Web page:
It’s a new year, but last year’s travel.
Last week I wrote a bit about driving up to Petaluma and some of the driving/scheduling disasters that happened (and what could be and what really couldn’t be avoided). Now we’re moving onto a few of the things we got to see running around with my family and, as always, my camera.
We didn’t get out as early as I would have like nor as early as I would have had I been on my own, however, we were still able to spend a lot of time exploring the coast and bay not far from my cousins’ house. Because we ended up with quite a crowd, we ended up caravanning it (the rules of which I will cover in the next few weeks) which meant following my aunt through the twists and turns of coastal highways and side-streets. Still, so much fun.
The first area we passed through was Bodega Bay. We didn’t end up stopping – it was crowded and, again, we started late – but my family had spent the morning before fishing and crabbing which (while cold) they loved despite coming back empty handed. I can definitely see why people would want to hangout in this area for a day – there’s a lot to do and all of it is relatively close together. There are also plenty of popular yet delicious food shacks if you are stopping for long enough – the lines are long but everyone assured me that it’s for good reasons.
We drove up to an area my cousins called The Point, but as far as I can tell is the coastal beaches around Jenner. I loved looking at the water and waves from the cliff edge and there was so much of it to see. The area is full of hikes and beautiful shots for photographers of all skill sets. Where we stopped, there were hikes that branched off in both directions and promised hours of fun. These hikes include a few paths down to small beaches though make sure you have the right shoes – some of these are definitely crawl worthy.
We didn’t go far (for reasons I’ll discuss in a future post) on this spot and next time I visit going back with an early start is an absolute necessity. Just like all the beach areas we past, even in the chill of December, these areas can get crowded so be ready to search out parking.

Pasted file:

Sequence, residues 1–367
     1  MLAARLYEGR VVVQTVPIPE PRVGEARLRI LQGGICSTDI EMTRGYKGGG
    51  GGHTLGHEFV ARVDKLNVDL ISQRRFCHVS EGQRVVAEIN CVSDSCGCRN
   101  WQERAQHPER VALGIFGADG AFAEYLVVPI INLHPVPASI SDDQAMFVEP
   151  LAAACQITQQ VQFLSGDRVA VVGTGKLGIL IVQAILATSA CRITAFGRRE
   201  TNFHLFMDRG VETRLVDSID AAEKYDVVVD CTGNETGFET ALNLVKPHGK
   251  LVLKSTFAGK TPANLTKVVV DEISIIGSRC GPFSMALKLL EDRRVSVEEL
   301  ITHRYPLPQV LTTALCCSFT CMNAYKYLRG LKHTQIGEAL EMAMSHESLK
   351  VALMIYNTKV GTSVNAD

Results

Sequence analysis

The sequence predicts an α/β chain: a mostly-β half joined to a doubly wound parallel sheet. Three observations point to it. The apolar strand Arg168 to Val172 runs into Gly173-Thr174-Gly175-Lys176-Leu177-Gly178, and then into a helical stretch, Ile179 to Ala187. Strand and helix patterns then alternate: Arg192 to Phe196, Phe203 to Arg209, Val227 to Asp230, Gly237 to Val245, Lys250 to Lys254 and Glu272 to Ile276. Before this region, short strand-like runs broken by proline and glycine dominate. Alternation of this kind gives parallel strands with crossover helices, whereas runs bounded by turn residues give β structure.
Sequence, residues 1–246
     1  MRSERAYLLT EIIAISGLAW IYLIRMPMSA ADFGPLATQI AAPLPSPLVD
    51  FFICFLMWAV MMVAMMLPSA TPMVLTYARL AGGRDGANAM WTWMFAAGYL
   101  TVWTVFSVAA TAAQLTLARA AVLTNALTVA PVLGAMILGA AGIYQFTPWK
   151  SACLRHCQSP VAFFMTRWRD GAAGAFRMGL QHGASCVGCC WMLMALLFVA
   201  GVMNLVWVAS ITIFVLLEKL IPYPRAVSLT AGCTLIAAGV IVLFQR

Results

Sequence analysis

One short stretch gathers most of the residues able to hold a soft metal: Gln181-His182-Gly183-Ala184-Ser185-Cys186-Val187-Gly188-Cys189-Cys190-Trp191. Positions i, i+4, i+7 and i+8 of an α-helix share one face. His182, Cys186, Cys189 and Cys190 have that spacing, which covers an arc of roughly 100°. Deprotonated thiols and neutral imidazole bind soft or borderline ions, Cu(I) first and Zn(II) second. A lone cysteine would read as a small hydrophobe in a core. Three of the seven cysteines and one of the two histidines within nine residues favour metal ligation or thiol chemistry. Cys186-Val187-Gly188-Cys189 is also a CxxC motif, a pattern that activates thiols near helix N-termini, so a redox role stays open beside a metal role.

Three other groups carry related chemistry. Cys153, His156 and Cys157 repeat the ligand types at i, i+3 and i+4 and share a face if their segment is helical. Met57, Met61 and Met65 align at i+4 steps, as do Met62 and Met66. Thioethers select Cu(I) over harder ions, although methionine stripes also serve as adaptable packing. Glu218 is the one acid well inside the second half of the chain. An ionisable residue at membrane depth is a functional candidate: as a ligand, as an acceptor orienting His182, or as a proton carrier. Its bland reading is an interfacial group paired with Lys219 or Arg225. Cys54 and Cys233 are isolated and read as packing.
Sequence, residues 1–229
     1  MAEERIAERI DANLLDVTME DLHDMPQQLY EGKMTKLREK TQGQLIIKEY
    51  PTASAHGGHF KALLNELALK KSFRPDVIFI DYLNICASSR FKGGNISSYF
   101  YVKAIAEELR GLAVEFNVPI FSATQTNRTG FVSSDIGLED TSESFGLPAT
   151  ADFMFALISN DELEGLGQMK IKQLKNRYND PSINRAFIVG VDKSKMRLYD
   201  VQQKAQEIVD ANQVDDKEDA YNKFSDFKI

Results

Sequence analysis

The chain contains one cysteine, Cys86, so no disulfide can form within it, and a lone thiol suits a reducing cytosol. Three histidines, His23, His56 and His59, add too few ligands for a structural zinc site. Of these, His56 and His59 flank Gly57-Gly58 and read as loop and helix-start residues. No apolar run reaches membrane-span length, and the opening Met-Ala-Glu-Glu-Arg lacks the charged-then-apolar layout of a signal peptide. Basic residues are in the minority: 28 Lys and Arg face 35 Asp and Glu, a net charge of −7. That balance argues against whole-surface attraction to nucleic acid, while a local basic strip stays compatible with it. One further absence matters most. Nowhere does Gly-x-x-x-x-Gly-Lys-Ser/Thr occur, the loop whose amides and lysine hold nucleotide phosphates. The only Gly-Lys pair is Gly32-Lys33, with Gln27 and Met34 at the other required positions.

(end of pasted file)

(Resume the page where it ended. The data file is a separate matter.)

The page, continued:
Which brings up to Goat Rock. Why is Goat Rock named Goat rock? Well, we couldn’t figure that out, but running around in it’s shadow was so much fun. In terms of getting here, you’ll need to pay close attention – it’s hard to find or, at least, the turn in is easily missed. Then you have to pay attention to signage – some of the roads are one direction at a time based on who gets to the stop sign while others are small, passing roads on curves which mean you have o slow down and drive carefully.
The view is worth it. When you get down to the parking lot at the base of the rock you will have beaches on either side of you: check out both sides. First, we did not climb the rock and I’m not sure you are supposed to – but something to check out. It might be a hefty climb so really research and prepare for this.
Facing the rock, to your left there will be great views of fun rocks with a lot of beach spray – great for pictures but we were there during winter so fog was kind of heavy which made it both interesting and difficult to photograph. The rocks closest to you has mussels all over which make the stones really interesting when you play with water and light shots. Just watch your step as you will be climbing around rocks which can get loose and cause accidents.
On the right side, there’s a whole different view. The rocks along the beach were interesting but my favorite part was a rusted out old tank. It looks like it was flipped forever ago and has a lot ware. It’s completely brown and orange with so many exposed gears and is so rusted out it looks more like wood than metal – go ahead and walk through it though because it’s definitely solid.
There are tons of small towns and wineries up and down this region so you can pretty much pull in anywhere and find something to do or see. Just check on days for wineries; we pulled into Korbel only for it to be innovatory day so there were no tours or tastings!
Still an amazing day. Next time, I will be taking earlier days so I can do more – all the hikes! – and maybe sticking to summer (less rain and chill!).
This is Leave on the Wind, helping you soar.